Lucio Fontana’s work for Veneranda Fabbrica del Duomo di Milano began in 1936 when he was assigned the creation of the statue of San Protaso (St. Protasius) for an internal pillar of the Cathedral. Then, in November 1950 the Fabbrica invited him to participate in the competition organised for the Fifth Door with the theme Origins and Events of the Duomo. For the first phase of the competition Fontana created a small-scale chalk model of the Door (1951), which has been lost. Museo del Duomo preserves the bronze fusion of this model (1971-1972): it presents thirteen high relief decorations that are only connected by their layout on the smooth surface and by their similar dimensions.
“A creative imagination that would not accept rigid rules.”
The figures seem to surface and rise without acquiring a definite shape. The background surface, which is both matt and bright, creates a space, an indefinite contrast of light and dark. The figures stand out against it with determination, as if moved by inner strength. The artist has a preference for extremely simplified scenes that are not overcrowded with figures or details because strong reliefs create shadows that enrich and fill the images with immaterial elements. The suggestions dictated by plastic vitality, by contrasts and by extroflected torsions, seems to recall a Gothic influence.
From a formal standpoint, the Six Lombard popes depicted in the architrave’s panel is a perfect example of Fontana’s plastic concept: matter surfaces from the smooth background to expand and invade space in a movement of torsion, effectively embossed with projecting material that seems to “echo a sudden gesture that might be a gust of wind” (Fallani, Mariani, Mascherpa 1974).
The Artistic Committee of the Fabbrica spoke of “vibrant strength that seems to make an effort to release itself from matter”, and of a result that is deemed, “excessively synthetic even in its details”. However, the model was considered one of the best presented at the competition and was, therefore, displayed at the 19th Triennale exhibition in Milan in 1951.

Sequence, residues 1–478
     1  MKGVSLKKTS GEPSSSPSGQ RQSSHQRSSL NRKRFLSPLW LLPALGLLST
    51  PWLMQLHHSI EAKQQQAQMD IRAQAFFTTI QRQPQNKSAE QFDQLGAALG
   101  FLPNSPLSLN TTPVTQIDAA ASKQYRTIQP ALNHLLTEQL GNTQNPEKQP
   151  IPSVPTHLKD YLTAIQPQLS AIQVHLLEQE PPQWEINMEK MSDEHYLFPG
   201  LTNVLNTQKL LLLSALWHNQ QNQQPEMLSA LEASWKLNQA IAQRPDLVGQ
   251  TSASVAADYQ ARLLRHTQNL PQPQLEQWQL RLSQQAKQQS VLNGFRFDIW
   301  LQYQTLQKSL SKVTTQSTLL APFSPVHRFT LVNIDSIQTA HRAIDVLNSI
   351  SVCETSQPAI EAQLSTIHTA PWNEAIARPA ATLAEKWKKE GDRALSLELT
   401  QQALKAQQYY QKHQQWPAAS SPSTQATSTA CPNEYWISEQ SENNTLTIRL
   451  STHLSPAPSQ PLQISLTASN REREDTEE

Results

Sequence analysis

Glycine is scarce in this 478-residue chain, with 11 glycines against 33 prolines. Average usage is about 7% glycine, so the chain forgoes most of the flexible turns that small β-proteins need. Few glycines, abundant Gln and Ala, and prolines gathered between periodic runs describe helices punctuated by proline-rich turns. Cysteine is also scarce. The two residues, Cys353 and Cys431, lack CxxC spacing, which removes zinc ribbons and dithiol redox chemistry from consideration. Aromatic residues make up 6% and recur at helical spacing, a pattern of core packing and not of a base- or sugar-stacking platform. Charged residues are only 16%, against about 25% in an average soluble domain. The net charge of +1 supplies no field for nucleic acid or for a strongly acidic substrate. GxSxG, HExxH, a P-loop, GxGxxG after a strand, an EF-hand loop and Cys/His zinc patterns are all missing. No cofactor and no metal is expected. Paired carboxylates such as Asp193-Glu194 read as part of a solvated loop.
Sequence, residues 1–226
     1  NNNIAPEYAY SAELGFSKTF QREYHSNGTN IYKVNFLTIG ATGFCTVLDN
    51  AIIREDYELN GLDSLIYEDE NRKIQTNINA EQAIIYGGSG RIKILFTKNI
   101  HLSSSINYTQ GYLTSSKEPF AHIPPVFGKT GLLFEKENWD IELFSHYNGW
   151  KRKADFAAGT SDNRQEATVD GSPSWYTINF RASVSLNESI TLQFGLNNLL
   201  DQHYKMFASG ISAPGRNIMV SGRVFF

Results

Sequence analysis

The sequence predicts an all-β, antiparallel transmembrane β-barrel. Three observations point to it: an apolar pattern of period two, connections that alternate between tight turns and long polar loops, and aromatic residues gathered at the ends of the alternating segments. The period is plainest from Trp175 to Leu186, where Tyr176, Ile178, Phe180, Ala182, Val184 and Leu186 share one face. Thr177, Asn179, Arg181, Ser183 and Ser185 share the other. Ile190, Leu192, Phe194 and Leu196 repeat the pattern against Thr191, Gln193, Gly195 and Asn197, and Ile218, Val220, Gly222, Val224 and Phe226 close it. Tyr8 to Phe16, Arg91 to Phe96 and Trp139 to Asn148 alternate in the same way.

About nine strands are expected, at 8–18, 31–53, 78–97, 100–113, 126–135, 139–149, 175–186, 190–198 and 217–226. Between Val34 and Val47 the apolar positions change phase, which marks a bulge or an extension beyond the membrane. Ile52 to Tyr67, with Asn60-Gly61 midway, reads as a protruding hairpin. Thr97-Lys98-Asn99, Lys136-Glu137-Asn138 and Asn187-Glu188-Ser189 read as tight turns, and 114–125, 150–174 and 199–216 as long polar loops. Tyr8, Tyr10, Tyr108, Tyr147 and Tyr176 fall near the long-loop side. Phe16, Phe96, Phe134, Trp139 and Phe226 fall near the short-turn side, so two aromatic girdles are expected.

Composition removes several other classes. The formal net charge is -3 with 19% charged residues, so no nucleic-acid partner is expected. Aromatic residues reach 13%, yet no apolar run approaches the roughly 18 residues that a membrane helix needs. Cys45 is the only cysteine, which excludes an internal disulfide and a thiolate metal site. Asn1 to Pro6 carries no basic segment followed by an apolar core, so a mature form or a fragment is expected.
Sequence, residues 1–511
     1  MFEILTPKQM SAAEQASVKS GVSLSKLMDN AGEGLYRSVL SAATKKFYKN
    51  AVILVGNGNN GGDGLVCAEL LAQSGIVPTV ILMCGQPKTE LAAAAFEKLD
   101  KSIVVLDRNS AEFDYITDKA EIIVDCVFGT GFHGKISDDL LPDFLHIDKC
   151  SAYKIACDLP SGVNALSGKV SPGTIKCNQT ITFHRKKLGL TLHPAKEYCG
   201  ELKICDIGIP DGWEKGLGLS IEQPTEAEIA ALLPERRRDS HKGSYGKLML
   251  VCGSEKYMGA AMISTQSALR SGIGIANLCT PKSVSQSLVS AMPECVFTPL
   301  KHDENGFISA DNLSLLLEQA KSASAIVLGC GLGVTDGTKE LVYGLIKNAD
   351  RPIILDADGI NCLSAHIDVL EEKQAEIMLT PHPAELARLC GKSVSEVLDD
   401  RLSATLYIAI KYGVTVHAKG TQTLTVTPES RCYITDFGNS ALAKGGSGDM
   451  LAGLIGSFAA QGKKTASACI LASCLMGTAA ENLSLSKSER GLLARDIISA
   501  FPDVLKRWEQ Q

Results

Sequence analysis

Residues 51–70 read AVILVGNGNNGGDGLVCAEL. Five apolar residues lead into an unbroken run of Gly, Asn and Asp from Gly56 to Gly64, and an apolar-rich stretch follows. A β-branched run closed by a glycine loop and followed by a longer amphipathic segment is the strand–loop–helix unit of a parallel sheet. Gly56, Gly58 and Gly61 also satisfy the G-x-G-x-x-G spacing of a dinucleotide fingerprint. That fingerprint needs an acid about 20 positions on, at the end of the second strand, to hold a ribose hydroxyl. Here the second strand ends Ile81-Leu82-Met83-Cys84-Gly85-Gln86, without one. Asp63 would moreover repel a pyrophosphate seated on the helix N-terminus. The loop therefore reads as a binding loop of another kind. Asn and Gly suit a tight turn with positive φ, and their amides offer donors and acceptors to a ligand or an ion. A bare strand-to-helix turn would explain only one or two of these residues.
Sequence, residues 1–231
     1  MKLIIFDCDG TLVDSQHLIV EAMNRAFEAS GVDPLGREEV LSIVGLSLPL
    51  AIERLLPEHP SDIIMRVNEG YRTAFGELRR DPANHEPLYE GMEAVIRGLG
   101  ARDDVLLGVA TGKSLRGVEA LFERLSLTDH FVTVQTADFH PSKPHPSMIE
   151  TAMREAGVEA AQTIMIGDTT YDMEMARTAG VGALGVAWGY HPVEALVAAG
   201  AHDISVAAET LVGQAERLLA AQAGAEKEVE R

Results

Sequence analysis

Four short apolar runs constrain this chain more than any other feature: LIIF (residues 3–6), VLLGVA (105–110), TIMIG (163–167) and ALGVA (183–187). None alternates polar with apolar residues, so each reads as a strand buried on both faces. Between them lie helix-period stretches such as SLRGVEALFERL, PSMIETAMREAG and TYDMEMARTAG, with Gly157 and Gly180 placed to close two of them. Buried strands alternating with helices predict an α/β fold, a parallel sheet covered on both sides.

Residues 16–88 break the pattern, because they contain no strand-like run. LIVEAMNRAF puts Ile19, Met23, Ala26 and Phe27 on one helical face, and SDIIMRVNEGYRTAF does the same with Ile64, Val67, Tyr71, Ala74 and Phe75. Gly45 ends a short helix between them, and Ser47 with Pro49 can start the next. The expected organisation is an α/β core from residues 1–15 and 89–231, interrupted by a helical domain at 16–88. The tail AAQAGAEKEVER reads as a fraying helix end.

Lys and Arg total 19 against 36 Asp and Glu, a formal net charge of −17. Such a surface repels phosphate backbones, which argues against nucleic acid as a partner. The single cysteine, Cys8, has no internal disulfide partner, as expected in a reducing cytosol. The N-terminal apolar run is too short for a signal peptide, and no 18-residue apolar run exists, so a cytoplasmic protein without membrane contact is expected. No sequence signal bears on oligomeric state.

In 1952, after he created another scale model, the Committee assigned Fontana the first prize jointly with Luciano Minguzzi, who was finally chosen by the Fabbrica to produce the Fifth Door, which was inaugurated on 6 January 1965.
Today, fifty years after Lucio Fontana’s death, with the restoration of the last chalk scale model of the Fifth Door, which was stored in the Marble Workers’ Site and has never been displayed, Fabbrica del Duomo offers a tribute to the overwhelming artist who skilfully found unlimited forms of dialogue with the Infinite, spanning slits on canvas, forms of light and the convergence of matter and abstraction, etc.
The exhibition L’arte novissima. Lucio Fontana per il Duomo di Milano 1936 – 1956 will be held in the Gian Galeazzo Hall, in the exhibition circuit of the Museo del Duomo, on 27 October-27 January 2019.
Open for visits from Thursday to Tuesday, from 10.00 am to 6.00 pm, the exhibition does not require a surcharge on the 3.00 euro ticket for the Museo.
There will be detailed studies on the artist as a result of the many activities sponsored by Veneranda Fabbrica, such as the special guided visits on Saturday, 27 October: “Lucio Fontana e gli anni del dopoguerra in Duomo” (Lucio Fontana and the Post-War Years at the Duomo), and on Sunday, 28 October, for families and children: “Toc, toc, chi è Lucio Fontana?”. (Knock, Knock, Who is Lucio Fontana)